Speech by Mr Alvin Tan, Minister of State, Ministry of Trade and Industry and Ministry of Culture, Community and Youth, and Board member of MAS, at the Asia Financial Markets Forum 2022 on 26 October 2022
Mr. Andrew Ng, President, Financial Markets Association of Singapore,
Distinguished speakers, ladies, and gentlemen,
1. A very good morning.
2. It is fitting that we have the skyline of our Central Business District to serve as our backdrop for the Asia Financial Markets Forum. Glad to see the city bustling again after two years.
3. This pandemic has been challenging, but most sectors are steadily recovering, including hard-hit ones like tourism and aviation. Thank you for working with us.
4. But as the economy recovers, we now must grapple with structural shifts and contemporary challenges that are reshaping the global economic landscape.
5. Let me first outline these shifts, before sharing about some of the opportunities we see.
Deep, structural shifts reshaping global economic landscape
6. First, the rules that have governed international trade for over 70 years are now under serious threat.
a. The Russian-Ukraine conflict has put international rules and norms to the test.
b. The strategic rivalry between the US and China has deepened, putting a strain on trade, technology, and finance.
c. This will lead to a more divided world and greatly affect the global economy.
7. Second, COVID-19 and the Russia-Ukraine crisis have exposed the vulnerabilities in the global trading system.
a. The Russia-Ukraine crisis has caused supply disruptions of essential goods and commodities. This has weakened the support for globalisation and prompted countries to onshore their supply chains and impose export restrictions.
b. The shift to a “just-in-case” instead of “just-in-time” mentality means countries are no longer simply buying from the cheapest. What results is higher costs as global supply chains become less efficient.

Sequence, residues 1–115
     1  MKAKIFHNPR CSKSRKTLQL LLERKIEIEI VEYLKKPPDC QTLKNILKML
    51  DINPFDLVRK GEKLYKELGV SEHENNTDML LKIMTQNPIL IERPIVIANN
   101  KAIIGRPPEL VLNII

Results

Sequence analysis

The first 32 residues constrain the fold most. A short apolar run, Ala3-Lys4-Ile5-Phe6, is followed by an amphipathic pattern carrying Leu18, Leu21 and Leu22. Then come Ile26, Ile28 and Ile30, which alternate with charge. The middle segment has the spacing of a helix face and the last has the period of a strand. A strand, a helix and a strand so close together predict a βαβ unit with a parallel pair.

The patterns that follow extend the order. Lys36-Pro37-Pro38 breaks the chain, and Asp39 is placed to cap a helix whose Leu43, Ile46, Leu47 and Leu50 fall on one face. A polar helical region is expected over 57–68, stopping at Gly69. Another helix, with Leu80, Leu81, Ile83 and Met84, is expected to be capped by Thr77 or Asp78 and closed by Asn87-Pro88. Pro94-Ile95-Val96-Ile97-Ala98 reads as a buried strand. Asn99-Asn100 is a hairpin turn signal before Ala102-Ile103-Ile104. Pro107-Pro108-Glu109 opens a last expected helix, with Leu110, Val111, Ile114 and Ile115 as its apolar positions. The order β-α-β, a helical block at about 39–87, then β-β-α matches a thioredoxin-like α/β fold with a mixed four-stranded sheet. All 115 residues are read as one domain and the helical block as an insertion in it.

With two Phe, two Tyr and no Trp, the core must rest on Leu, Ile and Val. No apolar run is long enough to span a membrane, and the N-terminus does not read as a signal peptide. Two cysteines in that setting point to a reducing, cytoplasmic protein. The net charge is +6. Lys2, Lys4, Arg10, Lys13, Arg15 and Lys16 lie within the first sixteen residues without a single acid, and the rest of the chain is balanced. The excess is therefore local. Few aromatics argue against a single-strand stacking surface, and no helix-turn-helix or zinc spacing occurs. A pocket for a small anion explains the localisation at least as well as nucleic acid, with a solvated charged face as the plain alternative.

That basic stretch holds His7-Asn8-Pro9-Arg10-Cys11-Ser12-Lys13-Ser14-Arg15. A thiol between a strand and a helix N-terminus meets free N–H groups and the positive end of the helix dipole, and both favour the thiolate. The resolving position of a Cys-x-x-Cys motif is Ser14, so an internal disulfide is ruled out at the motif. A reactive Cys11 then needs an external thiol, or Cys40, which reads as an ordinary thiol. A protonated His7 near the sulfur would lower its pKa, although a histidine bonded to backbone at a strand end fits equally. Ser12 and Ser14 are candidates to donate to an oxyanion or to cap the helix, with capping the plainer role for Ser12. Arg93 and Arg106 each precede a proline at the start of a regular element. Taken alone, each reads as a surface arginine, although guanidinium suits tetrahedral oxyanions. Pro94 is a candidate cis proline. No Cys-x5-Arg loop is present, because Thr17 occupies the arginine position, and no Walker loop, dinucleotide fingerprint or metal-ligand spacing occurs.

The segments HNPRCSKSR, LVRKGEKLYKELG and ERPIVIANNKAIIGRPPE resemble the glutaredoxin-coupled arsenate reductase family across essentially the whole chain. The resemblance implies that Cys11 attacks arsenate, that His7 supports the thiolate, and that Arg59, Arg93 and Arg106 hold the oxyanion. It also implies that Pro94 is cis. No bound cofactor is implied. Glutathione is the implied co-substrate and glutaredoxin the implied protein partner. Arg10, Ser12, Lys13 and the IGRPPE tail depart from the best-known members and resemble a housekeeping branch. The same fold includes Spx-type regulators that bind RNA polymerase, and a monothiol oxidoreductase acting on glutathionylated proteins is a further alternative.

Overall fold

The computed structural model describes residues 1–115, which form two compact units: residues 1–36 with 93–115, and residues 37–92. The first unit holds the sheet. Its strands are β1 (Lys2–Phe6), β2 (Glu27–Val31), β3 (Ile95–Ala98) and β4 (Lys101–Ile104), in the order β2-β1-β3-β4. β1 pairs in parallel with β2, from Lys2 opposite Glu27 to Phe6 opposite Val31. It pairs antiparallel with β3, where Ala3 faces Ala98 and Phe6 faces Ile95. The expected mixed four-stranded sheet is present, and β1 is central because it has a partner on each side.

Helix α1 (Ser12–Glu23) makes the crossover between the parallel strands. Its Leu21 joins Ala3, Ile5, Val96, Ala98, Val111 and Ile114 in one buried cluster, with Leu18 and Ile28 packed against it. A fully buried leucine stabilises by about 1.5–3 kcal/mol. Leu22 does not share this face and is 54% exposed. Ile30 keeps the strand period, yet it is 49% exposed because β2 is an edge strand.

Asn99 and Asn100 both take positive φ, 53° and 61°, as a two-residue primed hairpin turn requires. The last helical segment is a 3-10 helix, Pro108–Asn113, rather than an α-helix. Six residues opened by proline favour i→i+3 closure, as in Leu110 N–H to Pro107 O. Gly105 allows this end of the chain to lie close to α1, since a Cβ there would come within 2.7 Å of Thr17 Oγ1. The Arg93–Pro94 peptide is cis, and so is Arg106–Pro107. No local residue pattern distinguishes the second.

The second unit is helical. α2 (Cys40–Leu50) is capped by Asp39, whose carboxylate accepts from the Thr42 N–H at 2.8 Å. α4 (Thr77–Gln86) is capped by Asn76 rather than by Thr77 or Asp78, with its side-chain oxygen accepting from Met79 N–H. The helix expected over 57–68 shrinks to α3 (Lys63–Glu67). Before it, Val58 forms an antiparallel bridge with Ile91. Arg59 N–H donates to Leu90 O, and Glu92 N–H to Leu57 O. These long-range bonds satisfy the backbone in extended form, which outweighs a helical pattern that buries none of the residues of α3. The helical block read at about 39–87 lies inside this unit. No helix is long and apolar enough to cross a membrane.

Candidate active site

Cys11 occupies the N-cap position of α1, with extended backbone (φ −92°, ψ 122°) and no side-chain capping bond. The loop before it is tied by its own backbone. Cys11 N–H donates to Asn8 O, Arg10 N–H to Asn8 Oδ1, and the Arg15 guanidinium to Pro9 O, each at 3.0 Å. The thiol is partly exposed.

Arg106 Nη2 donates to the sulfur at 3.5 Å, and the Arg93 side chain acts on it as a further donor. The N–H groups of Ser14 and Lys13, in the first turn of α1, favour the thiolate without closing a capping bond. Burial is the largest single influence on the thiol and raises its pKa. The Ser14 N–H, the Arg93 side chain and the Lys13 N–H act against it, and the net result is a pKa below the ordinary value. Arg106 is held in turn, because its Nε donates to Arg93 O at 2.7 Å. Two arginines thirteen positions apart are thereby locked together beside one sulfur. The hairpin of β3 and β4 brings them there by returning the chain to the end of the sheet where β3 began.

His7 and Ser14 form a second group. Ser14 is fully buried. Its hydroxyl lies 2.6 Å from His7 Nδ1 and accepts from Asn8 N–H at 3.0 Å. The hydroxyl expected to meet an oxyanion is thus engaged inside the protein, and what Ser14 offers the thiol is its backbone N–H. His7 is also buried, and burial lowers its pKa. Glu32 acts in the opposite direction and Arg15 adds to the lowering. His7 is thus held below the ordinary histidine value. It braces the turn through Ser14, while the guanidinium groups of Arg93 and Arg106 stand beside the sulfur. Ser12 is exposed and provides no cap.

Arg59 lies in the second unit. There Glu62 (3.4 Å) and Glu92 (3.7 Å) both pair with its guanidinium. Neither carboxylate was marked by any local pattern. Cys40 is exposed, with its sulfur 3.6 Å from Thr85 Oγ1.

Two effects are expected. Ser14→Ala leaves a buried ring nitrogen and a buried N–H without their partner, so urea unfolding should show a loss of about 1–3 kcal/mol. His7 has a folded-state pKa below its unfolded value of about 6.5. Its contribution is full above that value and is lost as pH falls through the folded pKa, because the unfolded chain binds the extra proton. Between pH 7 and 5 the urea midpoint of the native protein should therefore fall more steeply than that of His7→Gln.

8. This brings me to my third point. The low-interest rate, low-inflation environment that has supported economic growth in recent decades may be coming to an end.
a. The global economy is facing strong costs and inflationary pressures. I am sure you and your companies feel this impact deeply.
b. The economic recovery from the pandemic has boosted global demand for energy and commodities, but global supply of these products remain limited, therefore pushing prices up.
9. In response, central banks have aggressively tightened monetary policy, which is expected to weigh on growth in the global economy in the near term.
10. In the medium term, inflation is set to be “higher for longer” compared to the past decade of low and benign inflation. Economies will have to face tighter supply chains, higher labour costs and the transition to a low carbon future.
11. As a small and open economy, we do not have much influence over global inflation. We are also heavily dependent on trade and external markets. These structural shifts will greatly impact our economy.
12. However, despite the gloomy outlook that I just painted, we continue to see opportunities.
Opportunities in the Global Economy
13. First, as a neutral location with a strong rule of law, Singapore has earned the trust and confidence of businesses.
a. This is invaluable, and we will continue to safeguard our neutrality and build a conducive environment for global businesses.
b. Even as some countries turn inwards and embrace protectionist moves, we will continue to stay open and connected to the world.
c. Many of you are here today because you have placed your trust in Singapore. Thank you for this trust.
d. We welcome your presence here and are excited to partner you in your growth.
14. Second, there is a global paradigm shift to achieve economic growth in an environmentally sustainable manner.
a. At COP-26 last year, almost 200 countries agreed to stronger climate action, such as stopping and reversing deforestation by 2030, and reducing emissions by an even tighter deadline. Singapore is firmly committed to play our part.
b. This global push towards sustainability also creates new and exciting opportunities in areas like green finance and carbon services.
c. As a global financial hub, Singapore is well-poised to support the greening of the economy through the intermediation of capital.
15. Third, COVID-19 has fast-tracked the pace of digitalisation.
a. With technology, everything is now available at the push of a button. Gone are the days when we had to head to a branch office or ATM to make a financial transaction.
b. Digitalisation will enable businesses to expand beyond the limitations of their physical footprint.
c. It also serves as a powerful tool for businesses transformation, allowing companies to improve productivity and create novel business models.